Barbarians Running Late
After being cut off by another driver in traffic and slamming on your brakes, you stop at the next service station for gas, your adrenaline still pumping, only to be made to wait by a clerk who is busy flirting with a girlfriend but who finally after finishing a cigarette, emerges from his grimy booth and saunters sullenly to your car and stands outside the window, not speaking, barely glancing your way, waiting for you to state your needs, which he fulfills silently, neither cleaning your windshield nor checking your oil, and when he is done, he speaks his first words, "Sixteen-fifty," and glowers at you when you lack exact change, but at last, after a period of further flirtation, drops a few greasy, torn dollars and some dirty coins into your palm, and now your blood is boiling, so you pull out of the station a little too fast, narrowly missing another motorist, who raises his middle finger and mouths an obscenity at you . . .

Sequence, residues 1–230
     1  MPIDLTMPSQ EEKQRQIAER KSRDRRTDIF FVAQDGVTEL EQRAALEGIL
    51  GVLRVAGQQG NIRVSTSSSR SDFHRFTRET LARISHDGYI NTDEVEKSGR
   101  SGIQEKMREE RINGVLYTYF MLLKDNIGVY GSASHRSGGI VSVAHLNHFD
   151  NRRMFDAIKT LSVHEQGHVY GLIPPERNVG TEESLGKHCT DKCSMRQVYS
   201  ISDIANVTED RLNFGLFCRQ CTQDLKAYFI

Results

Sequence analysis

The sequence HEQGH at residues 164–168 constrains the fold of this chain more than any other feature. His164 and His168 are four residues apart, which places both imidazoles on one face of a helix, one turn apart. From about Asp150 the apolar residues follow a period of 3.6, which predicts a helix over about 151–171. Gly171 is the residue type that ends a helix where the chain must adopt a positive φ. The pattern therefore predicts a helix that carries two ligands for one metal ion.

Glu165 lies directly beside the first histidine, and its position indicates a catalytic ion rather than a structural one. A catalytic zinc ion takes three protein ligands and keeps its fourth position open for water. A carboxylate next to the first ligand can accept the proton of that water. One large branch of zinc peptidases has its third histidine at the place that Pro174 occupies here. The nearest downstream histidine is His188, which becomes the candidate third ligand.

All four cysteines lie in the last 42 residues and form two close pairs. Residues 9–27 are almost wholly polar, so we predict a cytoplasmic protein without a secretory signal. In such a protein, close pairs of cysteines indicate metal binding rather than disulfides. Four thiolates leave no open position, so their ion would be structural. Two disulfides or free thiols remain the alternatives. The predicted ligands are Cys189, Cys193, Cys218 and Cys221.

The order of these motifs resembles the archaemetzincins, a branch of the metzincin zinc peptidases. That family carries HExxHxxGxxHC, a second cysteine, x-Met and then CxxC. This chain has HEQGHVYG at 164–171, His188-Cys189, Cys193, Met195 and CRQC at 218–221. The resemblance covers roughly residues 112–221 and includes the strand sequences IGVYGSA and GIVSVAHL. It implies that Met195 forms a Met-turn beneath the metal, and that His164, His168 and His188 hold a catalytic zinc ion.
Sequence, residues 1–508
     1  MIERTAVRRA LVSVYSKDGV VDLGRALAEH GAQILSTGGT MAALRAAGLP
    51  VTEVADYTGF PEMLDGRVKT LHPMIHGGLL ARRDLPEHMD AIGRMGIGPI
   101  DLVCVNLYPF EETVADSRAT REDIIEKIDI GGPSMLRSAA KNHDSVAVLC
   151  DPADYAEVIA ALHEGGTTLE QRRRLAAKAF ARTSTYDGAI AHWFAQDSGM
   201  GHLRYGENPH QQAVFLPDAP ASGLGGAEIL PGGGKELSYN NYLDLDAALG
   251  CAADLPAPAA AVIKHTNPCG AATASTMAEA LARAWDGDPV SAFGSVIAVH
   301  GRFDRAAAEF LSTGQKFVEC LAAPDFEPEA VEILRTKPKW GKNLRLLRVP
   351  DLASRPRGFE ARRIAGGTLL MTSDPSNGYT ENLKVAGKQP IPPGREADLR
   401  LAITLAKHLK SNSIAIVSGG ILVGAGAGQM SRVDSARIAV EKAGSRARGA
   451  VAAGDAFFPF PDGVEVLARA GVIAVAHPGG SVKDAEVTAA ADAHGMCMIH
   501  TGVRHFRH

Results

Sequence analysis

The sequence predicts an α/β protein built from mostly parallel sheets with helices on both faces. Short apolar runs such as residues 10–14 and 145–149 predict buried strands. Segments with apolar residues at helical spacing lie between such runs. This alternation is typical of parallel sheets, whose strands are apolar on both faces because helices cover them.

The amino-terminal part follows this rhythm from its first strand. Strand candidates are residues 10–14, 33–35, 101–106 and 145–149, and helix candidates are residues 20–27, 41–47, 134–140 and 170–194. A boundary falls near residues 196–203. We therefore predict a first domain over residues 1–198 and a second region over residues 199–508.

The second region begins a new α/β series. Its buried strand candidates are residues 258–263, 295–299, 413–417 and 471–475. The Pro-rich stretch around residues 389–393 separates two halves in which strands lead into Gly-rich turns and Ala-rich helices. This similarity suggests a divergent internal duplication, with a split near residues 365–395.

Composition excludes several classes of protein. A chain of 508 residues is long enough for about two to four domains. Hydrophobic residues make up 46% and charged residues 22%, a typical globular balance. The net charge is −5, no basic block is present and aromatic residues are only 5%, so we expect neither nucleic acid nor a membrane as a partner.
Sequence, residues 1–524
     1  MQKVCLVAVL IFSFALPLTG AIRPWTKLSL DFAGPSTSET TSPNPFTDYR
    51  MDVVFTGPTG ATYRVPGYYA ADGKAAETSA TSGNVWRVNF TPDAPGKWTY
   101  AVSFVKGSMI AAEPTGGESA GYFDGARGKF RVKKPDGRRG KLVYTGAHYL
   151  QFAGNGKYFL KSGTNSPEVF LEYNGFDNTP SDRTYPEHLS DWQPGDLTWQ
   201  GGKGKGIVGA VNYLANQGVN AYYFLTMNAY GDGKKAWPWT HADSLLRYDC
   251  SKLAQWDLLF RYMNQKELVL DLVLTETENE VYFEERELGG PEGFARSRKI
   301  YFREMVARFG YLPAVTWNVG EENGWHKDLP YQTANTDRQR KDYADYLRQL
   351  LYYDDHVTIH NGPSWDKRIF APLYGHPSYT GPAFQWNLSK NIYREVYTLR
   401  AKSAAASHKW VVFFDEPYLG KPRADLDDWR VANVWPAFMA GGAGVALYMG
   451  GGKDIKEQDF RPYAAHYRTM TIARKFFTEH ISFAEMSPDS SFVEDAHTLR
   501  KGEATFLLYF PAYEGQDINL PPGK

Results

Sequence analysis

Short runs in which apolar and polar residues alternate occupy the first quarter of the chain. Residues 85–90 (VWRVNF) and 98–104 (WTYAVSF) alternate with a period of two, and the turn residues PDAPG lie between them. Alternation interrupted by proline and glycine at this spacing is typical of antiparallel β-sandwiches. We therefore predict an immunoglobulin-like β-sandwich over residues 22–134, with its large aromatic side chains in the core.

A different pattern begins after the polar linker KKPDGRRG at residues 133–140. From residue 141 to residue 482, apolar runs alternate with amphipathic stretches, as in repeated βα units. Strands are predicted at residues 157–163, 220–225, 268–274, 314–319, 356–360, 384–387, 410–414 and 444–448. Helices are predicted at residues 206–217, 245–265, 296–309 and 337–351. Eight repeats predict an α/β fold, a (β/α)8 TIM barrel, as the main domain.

IN THE middle of the unruly nineteenth century, there were no automobiles, but America was agog over railroads. For the first time in human history, horseback was not the fastest way to travel. An entrepreneur named Leland Stanford hammered a golden spike into a rocky Utah plateau, and the coasts were connected by three thousand miles of track. Everybody wanted to ride. Everybody suddenly had someplace to go. The owners of the railroads grew wealthy. Naturally, the passengers were divided into classes; that was the American way. The first-class coaches often had gold